Unlike the Japanese we don’t serve rice expertly wrapped in seaweed but spaded from a huge kaldero. Unlike the French, we don’t serve pastries in bite size pieces, rather expect to see whole bilao of rice cakes or kakanin. We don’t drink by dainty sips, but by thirsty gulps. Observe beer sessions. Or the palamig stand. Americans may be the kings of supersize meals alright, but Philippine food can attest of high nutrient contents and much lower calories. Fresh vegetables, fruits, fish, coconut cream. We eat five times a day, but you could hardly see morose supersize people around here.
When I went to China a year ago, our Chinese guide was talking about how large China is, but on the dinner table he joked about how large Philippine plates are compared to the Chinese platitos, tea cups and chopsticks. Filipinos, he said, eat big. I couldn’t agree more.
We are not used to cooking for ourselves. It’s either you don’t cook or you cook for the whole tribe. Cook for one and the family will ask you – “Do you have a problem? Why are you cooking only one egg?”
Try going to a Philippine kitchen. Try observing holidays, birthdays, weddings, family reunions. A rural household will sell a carabao or borrow money just to have “celebration” – simple or large – but will celebrate anyway.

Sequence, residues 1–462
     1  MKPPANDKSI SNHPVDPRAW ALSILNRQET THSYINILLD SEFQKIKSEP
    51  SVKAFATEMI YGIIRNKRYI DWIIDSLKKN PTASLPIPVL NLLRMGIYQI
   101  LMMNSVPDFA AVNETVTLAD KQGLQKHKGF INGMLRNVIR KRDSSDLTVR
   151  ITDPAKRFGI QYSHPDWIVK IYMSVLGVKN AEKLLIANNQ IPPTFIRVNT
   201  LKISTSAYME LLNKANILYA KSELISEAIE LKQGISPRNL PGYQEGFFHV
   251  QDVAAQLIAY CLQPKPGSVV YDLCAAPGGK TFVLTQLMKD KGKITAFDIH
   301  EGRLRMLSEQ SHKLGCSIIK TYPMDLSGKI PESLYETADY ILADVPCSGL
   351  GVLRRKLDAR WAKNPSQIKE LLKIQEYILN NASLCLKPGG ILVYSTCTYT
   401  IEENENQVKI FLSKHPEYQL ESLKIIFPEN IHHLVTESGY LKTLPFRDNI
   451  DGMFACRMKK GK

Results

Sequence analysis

Or just observe family dinners. They are always a sacred daily rite. Try eating hotdog in front of TV while other family members are gathered at the round table, and before you could shift channels, expect your grandmother or your yaya to whack you with a rolled Panorama magazine “Igalang mo naman ang pagkain!” (Respect your food!) Or… am I talking from a childhood experience?
This heritage of large food is the reason why Filipino chefs aboard cruise liners can cook for 2500+ guests every day- breakfast, lunch and dinner- without complaining. They’re used to it. They’re used to feeding the many. It’s part of their essence as small people comprising a larger whole. A piece. A slice. A ladleful. Whatever the portioning is, it’s part of something greater than we are. That is why we see our food banquet extend from our immediate families, to barangays, to cities, to the world.